... his opinions in Brown vs. Maryland and Ogden vs. Saunders. * * In the former Marshall's opinion was dissented from by a single associate, but in the latter the Chief Justice found himself for the first and only time in his entire incumbency in the role of dissenter in a constitutional case. The decision of the majority, speaking through Justice Washington, laid down the principle that the obligation of a private executory contract cannot be said to be "impaired" ...
— John Marshall and the Constitution - A Chronicle of the Supreme Court, Volume 16 In The - Chronicles Of America Series • Edward S. Corwin

... aspect. All the rest has vanished.... They are obsessed. You are obsessed clearly by this discovery of the militancy of God. God the Son—as Hero. And you want to go out to the simple worship of that one aspect. You want to go out to a Dissenter's tent in the wilderness, instead of staying in the Great Temple ...
— Soul of a Bishop • H. G. Wells

... the church at morning prayers is made the 'pretence' and 'cover' for 'private assignations.' What a sad thing is this! that what was designed for 'wholesome nourishment' to the 'poor soul,' should be turned into 'rank poison!' But as Mr. Daniel de Foe (an ingenious man, though a 'dissenter') observeth (but indeed it is an old proverb; only I think he was the first that ...
— Clarissa, Or The History Of A Young Lady, Volume 8 • Samuel Richardson

... this House was lodged King Charles. Come in, Sirs, you may venture; For here is entertainment good For Churchman or Dissenter. ...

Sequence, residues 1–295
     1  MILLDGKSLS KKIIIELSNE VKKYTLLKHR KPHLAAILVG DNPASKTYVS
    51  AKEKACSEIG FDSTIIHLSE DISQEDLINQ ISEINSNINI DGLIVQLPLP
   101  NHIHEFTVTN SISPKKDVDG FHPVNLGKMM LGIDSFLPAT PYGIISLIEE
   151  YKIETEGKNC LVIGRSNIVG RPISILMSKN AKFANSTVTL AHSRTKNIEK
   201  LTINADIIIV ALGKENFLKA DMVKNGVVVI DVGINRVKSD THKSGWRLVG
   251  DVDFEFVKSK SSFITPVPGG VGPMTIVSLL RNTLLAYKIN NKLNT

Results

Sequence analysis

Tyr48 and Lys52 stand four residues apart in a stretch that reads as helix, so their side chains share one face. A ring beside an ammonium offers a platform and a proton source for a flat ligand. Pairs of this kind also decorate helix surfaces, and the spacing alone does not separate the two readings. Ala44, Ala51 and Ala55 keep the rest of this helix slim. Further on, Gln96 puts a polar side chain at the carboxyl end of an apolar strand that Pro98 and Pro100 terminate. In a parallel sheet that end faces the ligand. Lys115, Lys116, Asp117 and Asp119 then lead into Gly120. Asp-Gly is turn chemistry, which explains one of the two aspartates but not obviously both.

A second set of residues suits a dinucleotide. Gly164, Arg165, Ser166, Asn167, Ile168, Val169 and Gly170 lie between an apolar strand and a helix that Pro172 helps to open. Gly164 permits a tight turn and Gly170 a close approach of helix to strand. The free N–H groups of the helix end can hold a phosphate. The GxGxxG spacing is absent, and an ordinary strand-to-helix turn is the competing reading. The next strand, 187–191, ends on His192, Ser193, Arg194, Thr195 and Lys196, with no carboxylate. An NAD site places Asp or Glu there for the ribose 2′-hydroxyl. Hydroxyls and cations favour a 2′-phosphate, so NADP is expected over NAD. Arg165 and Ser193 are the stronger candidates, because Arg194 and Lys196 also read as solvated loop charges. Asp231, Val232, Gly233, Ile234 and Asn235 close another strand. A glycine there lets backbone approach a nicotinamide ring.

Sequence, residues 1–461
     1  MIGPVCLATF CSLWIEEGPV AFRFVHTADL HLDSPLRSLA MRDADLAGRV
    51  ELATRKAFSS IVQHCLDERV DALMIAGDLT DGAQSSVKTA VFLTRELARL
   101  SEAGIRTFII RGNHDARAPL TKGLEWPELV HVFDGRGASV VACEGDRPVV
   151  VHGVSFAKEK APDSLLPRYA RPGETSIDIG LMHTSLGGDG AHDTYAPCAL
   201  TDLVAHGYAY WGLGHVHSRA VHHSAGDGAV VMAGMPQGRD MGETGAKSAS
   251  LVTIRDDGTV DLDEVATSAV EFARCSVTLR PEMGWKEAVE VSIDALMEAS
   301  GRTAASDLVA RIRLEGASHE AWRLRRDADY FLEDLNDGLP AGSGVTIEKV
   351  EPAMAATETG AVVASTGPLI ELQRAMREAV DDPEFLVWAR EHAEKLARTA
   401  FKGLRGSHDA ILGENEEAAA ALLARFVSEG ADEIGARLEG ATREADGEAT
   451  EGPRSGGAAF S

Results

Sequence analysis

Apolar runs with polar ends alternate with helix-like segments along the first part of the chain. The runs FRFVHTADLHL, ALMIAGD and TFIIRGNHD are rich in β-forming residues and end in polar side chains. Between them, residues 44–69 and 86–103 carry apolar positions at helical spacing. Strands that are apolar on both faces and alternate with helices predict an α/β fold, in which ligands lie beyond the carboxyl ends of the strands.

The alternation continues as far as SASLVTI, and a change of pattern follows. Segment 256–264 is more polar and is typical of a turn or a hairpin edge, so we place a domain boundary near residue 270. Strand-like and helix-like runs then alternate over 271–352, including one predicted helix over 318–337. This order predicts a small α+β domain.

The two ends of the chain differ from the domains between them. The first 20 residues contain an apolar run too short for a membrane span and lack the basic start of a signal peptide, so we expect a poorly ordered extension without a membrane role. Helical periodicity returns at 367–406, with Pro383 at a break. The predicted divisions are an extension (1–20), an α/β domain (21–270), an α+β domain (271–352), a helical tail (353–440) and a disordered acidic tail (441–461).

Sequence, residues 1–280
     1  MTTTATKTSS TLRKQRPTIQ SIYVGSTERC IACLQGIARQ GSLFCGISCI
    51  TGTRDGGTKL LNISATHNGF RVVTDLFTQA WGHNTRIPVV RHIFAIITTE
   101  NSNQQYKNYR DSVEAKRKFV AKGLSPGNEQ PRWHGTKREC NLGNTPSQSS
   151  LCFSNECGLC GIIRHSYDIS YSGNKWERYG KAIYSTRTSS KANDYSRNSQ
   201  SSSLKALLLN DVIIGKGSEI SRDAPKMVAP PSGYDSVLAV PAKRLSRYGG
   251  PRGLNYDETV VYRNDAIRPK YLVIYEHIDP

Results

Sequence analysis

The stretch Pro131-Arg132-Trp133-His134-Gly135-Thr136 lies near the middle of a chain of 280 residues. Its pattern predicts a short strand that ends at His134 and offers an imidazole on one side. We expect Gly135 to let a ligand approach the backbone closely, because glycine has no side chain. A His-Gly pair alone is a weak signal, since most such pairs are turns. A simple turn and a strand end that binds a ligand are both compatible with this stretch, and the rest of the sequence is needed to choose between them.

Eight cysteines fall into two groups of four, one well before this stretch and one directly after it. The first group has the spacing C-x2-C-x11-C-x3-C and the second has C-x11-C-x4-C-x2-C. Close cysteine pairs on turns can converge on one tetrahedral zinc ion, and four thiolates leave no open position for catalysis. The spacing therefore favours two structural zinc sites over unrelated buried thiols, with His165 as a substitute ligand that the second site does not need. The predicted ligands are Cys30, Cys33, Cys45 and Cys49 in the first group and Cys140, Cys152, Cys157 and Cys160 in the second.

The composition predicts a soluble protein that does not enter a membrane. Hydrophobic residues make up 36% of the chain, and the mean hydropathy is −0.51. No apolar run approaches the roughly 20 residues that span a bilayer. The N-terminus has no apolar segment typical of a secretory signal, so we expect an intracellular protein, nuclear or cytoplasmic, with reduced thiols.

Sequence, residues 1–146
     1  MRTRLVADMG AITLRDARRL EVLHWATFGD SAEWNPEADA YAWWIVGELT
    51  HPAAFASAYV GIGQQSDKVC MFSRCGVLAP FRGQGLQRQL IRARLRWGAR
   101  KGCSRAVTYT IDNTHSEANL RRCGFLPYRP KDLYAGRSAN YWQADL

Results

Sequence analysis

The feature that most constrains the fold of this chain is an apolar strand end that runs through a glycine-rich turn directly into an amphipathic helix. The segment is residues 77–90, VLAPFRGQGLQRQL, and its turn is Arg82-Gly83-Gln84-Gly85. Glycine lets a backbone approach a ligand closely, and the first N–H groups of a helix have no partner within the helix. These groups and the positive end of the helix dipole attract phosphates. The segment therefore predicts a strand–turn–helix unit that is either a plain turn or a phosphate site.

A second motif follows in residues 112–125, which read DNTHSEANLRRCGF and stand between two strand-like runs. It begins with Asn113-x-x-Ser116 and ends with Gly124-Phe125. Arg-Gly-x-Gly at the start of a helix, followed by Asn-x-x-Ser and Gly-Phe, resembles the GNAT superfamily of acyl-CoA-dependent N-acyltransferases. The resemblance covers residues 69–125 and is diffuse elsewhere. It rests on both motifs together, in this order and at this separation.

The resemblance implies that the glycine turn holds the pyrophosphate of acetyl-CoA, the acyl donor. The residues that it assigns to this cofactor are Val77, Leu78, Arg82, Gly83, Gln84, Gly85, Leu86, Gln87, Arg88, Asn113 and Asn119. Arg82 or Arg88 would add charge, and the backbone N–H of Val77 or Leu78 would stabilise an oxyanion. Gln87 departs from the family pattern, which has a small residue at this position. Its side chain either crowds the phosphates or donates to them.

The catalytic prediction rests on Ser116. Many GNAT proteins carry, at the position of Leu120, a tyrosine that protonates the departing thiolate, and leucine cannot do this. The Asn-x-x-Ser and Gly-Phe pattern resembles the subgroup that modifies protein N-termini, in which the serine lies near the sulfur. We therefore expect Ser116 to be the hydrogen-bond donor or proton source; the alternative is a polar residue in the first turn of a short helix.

— From John O'Groats to Land's End • Robert Naylor and John Naylor

... liberals says, indeed, that their Dissidence of Dissent has been a mere instrument of the political Dissenters for making reason and the will of God prevail (and no doubt he would say the same of marriage with one's deceased wife's sister); and that the abolition of a State Church is merely the Dissenter's means to this end, just as culture is mine. Another American defender of theirs says just the same of their industrialism and free-trade; indeed, this gentleman, taking the bull by the horns, proposes that we should for the [78] future call industrialism culture, and ...
— Culture and Anarchy • Matthew Arnold

... while it doth so, I will not be mortified by all the lies and affronts they pelt me with. My greatest difficulty ariseth from another quarter, and is owing to the covetous and malicious spirit of a clergyman in this town, who, in lying and villany, is a perfect overmatch for any dissenter that I know; and, after all the odium that he contracted heretofore among them, is fully reconciled and endeared to them by his falsehood to the church." [Footnote: Dr. Timothy Cutler to Dr. Zachary Grey, April 2, 1725, Perry's ...
— The Emancipation of Massachusetts • Brooks Adams

... himself, and had, if all was true, found it. Joe Longstaffe was by common consent a Christian man, and not of that too general kind which excuses its foolishness and fatuity on the ground of its religion. The Duke's agent disliked him for political reasons, but he would admit that the dissenter was the best farmer in the countryside; and the labourers would have added that he ...
— Boy Woodburn - A Story of the Sussex Downs • Alfred Ollivant